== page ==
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PS-011 Quantitative Assessment Of Preterm Left Ventricular Anatomical Development And Remodelling Using Neonatal Cardiac Mri And Atlasing Techniques
  1. D Cox1,
  2. W Bai2,
  3. AN Price1,
  4. AD Edwards1,
  5. AM Groves3,
  6. D Rueckert2
  1. 1Centre for the Developing Brain, King’s College London, London, UK
  2. 2Department of Computing, Imperial College London, London, UK
  3. 3Newborn Medicine, Weill Cornell Medical College, New York, USA


Background and aims Cardiac development and myocardial maturation continues through the third trimester of gestation. Moderately preterm birth at 30–36 weeks adversely affects long-term cardiovascular health and impacts left ventricular size and geometry at young adulthood.

We aim to quantify and characterise normal and pathological neonatal cardiac development using cardiac MRI and computational atlas construction.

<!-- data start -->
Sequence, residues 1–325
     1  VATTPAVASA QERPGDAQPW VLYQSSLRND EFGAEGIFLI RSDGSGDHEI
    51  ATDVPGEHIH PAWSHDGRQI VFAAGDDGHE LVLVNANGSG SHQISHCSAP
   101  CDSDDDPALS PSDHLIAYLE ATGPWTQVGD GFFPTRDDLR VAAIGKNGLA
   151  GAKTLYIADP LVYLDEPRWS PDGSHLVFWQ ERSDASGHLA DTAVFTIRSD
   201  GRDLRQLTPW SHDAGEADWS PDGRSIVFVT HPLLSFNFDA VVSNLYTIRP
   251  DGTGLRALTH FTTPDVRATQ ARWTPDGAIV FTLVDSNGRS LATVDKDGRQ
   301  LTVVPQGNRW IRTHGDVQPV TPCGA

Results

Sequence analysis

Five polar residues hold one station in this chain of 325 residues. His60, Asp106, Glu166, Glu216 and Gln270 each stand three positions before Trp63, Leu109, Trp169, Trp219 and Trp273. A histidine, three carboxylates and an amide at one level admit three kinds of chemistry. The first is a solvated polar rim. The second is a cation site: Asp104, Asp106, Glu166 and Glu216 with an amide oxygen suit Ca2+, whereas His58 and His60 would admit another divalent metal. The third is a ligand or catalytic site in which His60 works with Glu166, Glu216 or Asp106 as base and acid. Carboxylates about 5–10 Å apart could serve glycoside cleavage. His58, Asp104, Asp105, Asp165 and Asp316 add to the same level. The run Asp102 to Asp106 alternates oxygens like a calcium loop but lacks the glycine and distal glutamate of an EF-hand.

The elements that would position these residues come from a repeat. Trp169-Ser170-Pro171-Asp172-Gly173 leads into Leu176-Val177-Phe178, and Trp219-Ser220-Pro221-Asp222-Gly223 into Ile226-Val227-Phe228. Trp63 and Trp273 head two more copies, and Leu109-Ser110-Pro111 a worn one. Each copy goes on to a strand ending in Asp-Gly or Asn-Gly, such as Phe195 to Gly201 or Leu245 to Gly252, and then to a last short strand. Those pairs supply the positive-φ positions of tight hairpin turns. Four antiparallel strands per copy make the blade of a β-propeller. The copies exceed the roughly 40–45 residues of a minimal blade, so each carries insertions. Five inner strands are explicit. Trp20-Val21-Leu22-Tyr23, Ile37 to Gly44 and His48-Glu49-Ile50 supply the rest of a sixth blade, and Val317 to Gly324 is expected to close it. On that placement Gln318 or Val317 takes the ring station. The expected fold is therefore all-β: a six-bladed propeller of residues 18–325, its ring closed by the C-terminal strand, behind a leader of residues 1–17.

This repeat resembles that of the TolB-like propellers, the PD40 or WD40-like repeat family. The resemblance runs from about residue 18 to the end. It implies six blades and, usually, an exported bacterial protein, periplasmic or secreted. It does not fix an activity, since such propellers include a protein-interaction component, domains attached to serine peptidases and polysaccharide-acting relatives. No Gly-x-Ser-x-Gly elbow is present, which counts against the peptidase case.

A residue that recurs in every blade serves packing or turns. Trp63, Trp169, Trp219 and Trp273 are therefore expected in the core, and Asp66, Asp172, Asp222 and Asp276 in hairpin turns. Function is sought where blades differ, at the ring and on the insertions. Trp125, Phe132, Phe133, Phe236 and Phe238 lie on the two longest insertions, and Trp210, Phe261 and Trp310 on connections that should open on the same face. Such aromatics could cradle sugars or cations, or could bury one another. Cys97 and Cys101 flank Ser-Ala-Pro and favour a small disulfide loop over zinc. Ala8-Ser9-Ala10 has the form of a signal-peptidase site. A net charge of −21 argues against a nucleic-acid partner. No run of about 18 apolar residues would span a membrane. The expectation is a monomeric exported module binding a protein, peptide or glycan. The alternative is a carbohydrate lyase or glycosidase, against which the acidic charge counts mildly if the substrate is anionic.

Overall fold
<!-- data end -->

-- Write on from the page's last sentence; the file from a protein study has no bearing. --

Methods Preterm neonates and healthy term controls underwent neonatal 3 Tesla cardiac MRI. Data from short axis stack sequences was manually segmented at end-diastole (ITK-SNAP software) providing volumetric measurements of the left ventricular myocardium and blood pool. Sub-group analysis compared 10 preterm neonates born at 32–35 weeks, scanned within 7 days of birth and at term-corrected age, with 4 healthy term controls (39–42 weeks).

Results Weight-corrected left ventricular mass (LVM, g/kg) and end-diastolic volume (EDV, cm3/kg) for the preterm cohort at term-corrected age (LVM - mean 1.89, 95% CI 1.89 ± 0.21; EDV – mean 3.42, 95% CI 3.42 ± 0.34) were significantly greater than both the preterm cohort at birth (LVM 1.05, 1.05 ± 0.08, p = 0.0002; EDV 4.89, 4.89 ± 0.59, p = 0.0008) and healthy term controls (LVM 0.95, 0.95 ± 0.18, p = 0.001; EDV 2.16, 2.16 ± 0.38, p = 0.0006).

Conclusions Neonatal MRI with manual ventricular segmentation quantifies preterm gross ex-utero left ventricular growth, highlighting differences from in-utero cardiac development. Increases in preterm LVM and EDV may represent pathological remodelling or physiological ex-utero adaptation.

We have constructed provisional computational atlases that currently allow visual comparisons of size and shape, but which after further analysis will enable more sophisticated quantification and characterisation of preterm ventricular growth and remodelling.

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